Juliane Herrmann’s project Man among Men aims to capture an alternative perspective of the Freemasons – the ancient fraternity that traces its origins back to the late medieval Stonemasons. Freemasonry exists across the world, which we’ve touched upon previously on the site. Seeing the organisation as evolving from a “secret society” to a “society with secrets”, Cologne-based Juliane has spent the past five years documenting Freemasonry globally, going “beyond the secrecy and occultism that usually frames public perception of the group”.
Man among Men aims to shed light on what continues to draw people to join this society as well as breaking down some of the prejudices that surround it. “When I got to know the Freemasons better, I soon figured out that most of them were just normal people… In general Freemasonry has a quite theatrical appearance. The rooms and ‘uniforms’ people wear look very staged, so I had to find a way to show both the normality of the people and the made-up settings, but also find a balance without being too boring,” explains Juliane.
As a result the photographer has captured the familiar extravagance of the lodges – the main meeting place for Freemasons – and intersperses the series with the less glamorous backdrops of Freemason life along with still lifes and portraits of members. “For the work I photographed very different aspects of the same theme. The lodge rooms for instance are always photographed in landscape format and in a central perspective to make them comparable,” explains Juliane. The portraits were fairly straightforward as this format fits in the information I wanted to show. In general I don’t stick with one format but instead choose one that fits best with what I want to portray.”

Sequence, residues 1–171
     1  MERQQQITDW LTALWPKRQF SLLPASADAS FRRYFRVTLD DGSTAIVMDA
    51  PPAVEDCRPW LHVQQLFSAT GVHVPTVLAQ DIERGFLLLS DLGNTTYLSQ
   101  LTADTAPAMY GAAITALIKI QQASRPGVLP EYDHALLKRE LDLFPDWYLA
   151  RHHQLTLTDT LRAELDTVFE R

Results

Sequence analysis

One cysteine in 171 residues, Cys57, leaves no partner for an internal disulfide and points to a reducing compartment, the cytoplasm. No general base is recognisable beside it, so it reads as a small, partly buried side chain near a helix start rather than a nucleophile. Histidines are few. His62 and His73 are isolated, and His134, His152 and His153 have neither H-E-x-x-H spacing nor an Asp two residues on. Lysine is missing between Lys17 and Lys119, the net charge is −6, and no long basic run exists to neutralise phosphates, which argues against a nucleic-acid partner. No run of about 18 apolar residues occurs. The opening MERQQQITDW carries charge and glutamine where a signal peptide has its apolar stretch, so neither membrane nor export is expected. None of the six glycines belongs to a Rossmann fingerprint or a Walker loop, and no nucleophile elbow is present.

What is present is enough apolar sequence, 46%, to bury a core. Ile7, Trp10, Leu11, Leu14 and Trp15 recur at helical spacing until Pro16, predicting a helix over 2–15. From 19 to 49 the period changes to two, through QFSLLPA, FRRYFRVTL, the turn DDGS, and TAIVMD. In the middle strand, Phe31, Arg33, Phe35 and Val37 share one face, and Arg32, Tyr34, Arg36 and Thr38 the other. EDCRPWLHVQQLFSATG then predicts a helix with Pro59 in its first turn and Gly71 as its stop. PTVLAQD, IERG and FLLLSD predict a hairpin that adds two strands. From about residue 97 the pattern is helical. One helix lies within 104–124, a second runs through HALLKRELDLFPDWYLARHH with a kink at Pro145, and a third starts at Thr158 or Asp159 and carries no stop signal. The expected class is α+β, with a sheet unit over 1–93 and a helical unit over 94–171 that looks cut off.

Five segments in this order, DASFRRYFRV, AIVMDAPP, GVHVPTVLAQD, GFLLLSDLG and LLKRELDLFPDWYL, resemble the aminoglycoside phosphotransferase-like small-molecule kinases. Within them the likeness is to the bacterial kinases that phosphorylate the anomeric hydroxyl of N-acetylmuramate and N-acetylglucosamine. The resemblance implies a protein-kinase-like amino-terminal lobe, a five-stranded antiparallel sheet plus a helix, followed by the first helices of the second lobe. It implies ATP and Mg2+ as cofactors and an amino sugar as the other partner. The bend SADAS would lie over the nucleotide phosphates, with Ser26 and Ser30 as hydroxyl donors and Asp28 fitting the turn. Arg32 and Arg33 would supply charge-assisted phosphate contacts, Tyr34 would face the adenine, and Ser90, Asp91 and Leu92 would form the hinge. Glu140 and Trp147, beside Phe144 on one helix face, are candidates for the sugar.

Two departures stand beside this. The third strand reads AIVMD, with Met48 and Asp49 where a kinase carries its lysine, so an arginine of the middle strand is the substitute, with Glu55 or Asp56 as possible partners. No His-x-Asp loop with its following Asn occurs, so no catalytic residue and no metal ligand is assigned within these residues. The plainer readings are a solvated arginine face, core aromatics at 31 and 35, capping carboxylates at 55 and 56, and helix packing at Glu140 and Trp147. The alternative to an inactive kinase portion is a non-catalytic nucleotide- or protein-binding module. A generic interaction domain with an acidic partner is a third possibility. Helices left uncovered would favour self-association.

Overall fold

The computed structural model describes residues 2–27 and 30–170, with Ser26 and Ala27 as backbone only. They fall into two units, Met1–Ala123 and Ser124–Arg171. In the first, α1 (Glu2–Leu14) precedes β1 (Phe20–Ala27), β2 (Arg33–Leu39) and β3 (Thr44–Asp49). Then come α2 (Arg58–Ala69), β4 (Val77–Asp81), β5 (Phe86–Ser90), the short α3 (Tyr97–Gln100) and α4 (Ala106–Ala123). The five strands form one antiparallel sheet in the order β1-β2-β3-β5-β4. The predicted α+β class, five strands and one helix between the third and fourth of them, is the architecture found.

In the series, strong colours and high saturation plays an important role in each image bringing about a consistency. “There are some colours that always reoccurred when working on the project – gold, royal blue, wine red and light blue. Even when photographing very different aspects, whether it’s architecture, portrait or still life, colour is one parameter that helps me to form these into one coherent body of work,” she says.
Juliane has worked with graphic designer Emmy van Thiel to turn the project into a book, and it’s enabled her to really convey the story she set out to tell. “If you work on a long-term project – in this case five years – it’s not easy to tell a complex story with a few images, in the book I can tell the story,” explains the photographer. “The cover is made of blue velvet, one of the fabrics you can almost find in every Freemason lodge. The form and layout reminds about a holy book. And in between the images there are quotes in spot UV, which just can be seen if you have a very close look.”
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